There should be direct beneficiary transfers to women who are often more vulnerable to crises.
Women who don’t have themselves registered under government schemes like ‘Matru Vandana Yojana’ that provides maternity benefits should also be given these benefits in a crisis like this.
De-Prioritising Maternal Healthcare Will Lead to Disaster
Maternal healthcare also requires access to nutrition/food, maternal entitlements through schemes like ‘Janani Suraksha Yojana’ / ‘Janani Shishu Suraksha Karyakaram’ and others.
Although some disparities in the unconditional implementation of these entitlements have been identified time and again, they must be maintained without question in the light of the social and economic effects of the global health crises, such as the ongoing pandemic, health care and allied resources.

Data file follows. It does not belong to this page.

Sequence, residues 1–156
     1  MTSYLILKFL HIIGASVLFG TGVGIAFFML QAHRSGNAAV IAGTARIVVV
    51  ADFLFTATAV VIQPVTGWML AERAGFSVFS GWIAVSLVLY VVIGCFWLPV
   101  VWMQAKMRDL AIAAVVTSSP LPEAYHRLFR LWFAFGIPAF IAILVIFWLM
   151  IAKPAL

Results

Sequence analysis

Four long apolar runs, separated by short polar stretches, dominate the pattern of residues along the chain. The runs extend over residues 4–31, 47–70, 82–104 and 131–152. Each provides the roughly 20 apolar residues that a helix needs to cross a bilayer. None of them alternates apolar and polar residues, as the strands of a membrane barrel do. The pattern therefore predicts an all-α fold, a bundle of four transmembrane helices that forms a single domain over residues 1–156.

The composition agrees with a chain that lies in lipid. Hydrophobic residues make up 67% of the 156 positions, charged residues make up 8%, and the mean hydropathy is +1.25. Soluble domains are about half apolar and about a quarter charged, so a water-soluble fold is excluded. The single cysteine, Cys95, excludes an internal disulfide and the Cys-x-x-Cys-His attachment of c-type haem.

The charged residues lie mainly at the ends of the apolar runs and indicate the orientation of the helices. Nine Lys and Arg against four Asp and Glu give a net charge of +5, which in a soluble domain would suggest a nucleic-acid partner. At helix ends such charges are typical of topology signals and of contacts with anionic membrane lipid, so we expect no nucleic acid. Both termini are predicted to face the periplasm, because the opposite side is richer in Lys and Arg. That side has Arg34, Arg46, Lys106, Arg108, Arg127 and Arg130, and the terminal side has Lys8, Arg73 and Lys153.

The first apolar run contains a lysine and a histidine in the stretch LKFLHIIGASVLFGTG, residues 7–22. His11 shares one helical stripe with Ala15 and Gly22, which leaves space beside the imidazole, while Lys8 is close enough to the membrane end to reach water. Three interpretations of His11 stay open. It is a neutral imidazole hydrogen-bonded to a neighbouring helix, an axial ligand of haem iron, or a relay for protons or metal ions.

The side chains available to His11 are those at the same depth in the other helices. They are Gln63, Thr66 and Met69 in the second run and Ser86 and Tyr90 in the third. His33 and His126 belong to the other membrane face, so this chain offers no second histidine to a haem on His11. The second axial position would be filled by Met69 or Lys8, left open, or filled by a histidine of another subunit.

From Urmila and her aunt’s experience, we can be sure that the deep-seated inequalities and impoverishments based on caste, class, sexuality, gender become more evident in times of crisis.
Rendering maternal wellbeing and other SRH issues as a 'lesser priority zone' in the rush to address the pandemic is likely to have wide-ranging implications for health. Reproductive health services, as well as other SRH healthcare, should be recognised as essential services, and uncompromising access should be part of the State's pandemic response.
(Suchitra is a freelance journalist focussing on governance and social justice, primarily gender justice. She tweets @Suchitrawrites. This is an opinion piece, and the views expressed are the author’s own. The Quint neither endorses nor is responsible for the same.)